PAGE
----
We try to time them on school holidays and events like that but steering clear of your main holidays like Easter and your warm holidays because chances are people have plans on those times and so if you stick to your school holidays but not on times where maybe it’s a long weekend – chances are you will get the most success on having people on the farm on those dates and the farms open days themselves – started about 10 o’clock in the morning and what happens is the people arrive at the farm and before this even happens, we actually pre-sell most of our tickets from the website or over at the market stalls and we actually sell them for five dollars a ticket.
The main reason that we chose to sell them for that much, it’s not really the cover any sort of costs per say but it’s more just for accountability sake because we’ll end up giving out a lot of information in a form of flyers and spending a lot of time marketing it and we find that if people make the commitment with just a small amount, chances are they’ll going to show up. We tend to do things like give families for example – large discounts to the point where they basically pay five dollars for their family and the things like that because the whole reason we do the farm open days is purely marketing exercise so it’s not a means of actually make income of those dates. Basically starting off with that five dollars per person mark and we judge it by its own merit depending on the family types and their income because you have reasonably good relationship with your customer base.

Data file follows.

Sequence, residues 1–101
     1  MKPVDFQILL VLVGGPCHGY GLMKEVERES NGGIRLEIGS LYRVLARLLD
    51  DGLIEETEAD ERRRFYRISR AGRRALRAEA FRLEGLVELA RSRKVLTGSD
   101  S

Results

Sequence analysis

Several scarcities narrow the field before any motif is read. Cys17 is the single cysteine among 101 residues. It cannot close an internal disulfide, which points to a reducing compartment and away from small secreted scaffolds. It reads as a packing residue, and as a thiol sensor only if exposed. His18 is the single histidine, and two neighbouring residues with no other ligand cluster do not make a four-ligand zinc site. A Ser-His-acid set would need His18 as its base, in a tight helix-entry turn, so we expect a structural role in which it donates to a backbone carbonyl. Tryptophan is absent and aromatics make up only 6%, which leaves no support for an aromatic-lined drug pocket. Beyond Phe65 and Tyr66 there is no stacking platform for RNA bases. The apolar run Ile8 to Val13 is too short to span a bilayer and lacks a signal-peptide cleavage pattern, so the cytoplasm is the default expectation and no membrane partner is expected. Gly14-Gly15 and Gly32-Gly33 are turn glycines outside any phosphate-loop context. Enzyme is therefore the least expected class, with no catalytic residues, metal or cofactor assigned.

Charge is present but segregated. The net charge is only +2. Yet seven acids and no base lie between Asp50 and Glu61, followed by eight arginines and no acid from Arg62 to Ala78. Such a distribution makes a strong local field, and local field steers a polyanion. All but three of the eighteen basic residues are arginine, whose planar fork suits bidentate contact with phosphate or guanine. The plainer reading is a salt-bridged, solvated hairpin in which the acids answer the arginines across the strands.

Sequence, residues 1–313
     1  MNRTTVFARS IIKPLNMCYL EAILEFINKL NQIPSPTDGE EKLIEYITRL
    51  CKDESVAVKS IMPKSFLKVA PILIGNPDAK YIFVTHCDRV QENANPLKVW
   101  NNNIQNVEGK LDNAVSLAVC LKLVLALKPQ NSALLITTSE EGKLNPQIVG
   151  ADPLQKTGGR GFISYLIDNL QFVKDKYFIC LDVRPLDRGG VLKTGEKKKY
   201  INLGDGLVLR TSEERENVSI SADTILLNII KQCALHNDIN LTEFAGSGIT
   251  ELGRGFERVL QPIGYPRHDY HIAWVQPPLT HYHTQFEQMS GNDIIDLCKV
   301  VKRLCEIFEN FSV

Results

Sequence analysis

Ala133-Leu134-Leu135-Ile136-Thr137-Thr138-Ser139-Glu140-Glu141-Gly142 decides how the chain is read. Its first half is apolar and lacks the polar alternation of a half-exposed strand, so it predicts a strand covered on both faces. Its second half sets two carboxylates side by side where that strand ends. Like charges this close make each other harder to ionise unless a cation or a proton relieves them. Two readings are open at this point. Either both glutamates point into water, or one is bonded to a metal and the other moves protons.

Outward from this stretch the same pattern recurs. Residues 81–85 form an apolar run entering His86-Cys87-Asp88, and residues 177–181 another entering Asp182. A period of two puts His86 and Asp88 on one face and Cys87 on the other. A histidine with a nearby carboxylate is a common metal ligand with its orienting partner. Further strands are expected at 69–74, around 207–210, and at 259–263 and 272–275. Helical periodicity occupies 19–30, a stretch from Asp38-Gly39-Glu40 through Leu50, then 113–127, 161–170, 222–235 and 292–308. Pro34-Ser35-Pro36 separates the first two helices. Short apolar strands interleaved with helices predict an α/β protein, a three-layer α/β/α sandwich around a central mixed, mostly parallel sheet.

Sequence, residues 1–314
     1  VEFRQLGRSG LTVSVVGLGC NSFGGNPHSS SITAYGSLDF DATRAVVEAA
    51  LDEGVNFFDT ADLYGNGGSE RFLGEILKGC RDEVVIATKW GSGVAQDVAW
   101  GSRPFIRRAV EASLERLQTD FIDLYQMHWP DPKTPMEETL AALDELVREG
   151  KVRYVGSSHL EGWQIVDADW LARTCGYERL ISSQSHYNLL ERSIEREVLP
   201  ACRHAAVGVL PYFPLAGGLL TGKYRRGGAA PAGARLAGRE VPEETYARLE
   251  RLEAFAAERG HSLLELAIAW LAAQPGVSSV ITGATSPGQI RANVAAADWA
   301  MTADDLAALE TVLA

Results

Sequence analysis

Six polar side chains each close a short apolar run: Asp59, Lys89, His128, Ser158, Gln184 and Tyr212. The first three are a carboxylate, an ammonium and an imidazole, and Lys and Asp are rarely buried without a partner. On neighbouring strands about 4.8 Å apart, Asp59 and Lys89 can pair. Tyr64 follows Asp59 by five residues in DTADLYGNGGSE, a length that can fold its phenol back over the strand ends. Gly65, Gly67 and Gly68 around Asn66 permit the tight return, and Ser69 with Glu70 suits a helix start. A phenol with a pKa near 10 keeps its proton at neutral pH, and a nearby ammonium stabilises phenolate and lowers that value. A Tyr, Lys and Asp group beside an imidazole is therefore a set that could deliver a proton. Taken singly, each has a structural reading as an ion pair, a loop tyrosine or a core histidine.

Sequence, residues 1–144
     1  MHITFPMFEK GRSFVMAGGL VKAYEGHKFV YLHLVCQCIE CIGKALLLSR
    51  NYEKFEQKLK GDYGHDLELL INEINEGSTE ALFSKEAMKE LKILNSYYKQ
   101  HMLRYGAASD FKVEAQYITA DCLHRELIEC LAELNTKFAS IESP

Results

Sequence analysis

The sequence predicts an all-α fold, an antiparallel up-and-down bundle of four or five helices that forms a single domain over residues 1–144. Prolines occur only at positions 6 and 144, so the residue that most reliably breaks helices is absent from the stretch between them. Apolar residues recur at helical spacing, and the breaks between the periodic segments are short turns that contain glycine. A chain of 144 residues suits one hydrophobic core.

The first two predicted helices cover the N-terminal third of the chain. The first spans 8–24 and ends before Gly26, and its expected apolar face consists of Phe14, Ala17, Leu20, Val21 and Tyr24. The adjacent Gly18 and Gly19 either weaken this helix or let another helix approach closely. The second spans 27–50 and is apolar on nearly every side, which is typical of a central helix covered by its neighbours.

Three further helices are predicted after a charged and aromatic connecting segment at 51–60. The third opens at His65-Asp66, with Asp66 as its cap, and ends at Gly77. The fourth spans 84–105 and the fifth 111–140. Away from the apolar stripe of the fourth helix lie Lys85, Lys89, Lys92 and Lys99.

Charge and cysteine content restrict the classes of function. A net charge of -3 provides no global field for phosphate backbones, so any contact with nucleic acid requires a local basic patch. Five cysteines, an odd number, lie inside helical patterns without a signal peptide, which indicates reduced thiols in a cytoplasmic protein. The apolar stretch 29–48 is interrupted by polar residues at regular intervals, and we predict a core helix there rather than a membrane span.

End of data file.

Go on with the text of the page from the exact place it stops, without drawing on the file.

We pre-sell the tickets on the website and our market stall and then from there basically I use my little nieces and nephews – they are the ticket holders at the front of the gate of the farm and we still have a little gazebos there and we’re going to list those people’s names and the people park in the paddock which is adjacent to our farm house there and then we have an area on our farm, it’s kind of dedicated to – when we have a large group of people because we’re doing a number of different types of events from hosting schools and Uni’s and things like that. We really needed to create that space that was safe and also we could house those people in a safe way as well. As people are making their way to this area, they tick of a list or they’ll purchase the tickets at the farm gate themselves. We found that it was really important just to offer that opportunity because a couple of times we didn’t and the numbers drop back considerably, so our average kind of numbers turn out started around 40 to 50 mark and they sit around the 150-170 mark nowadays.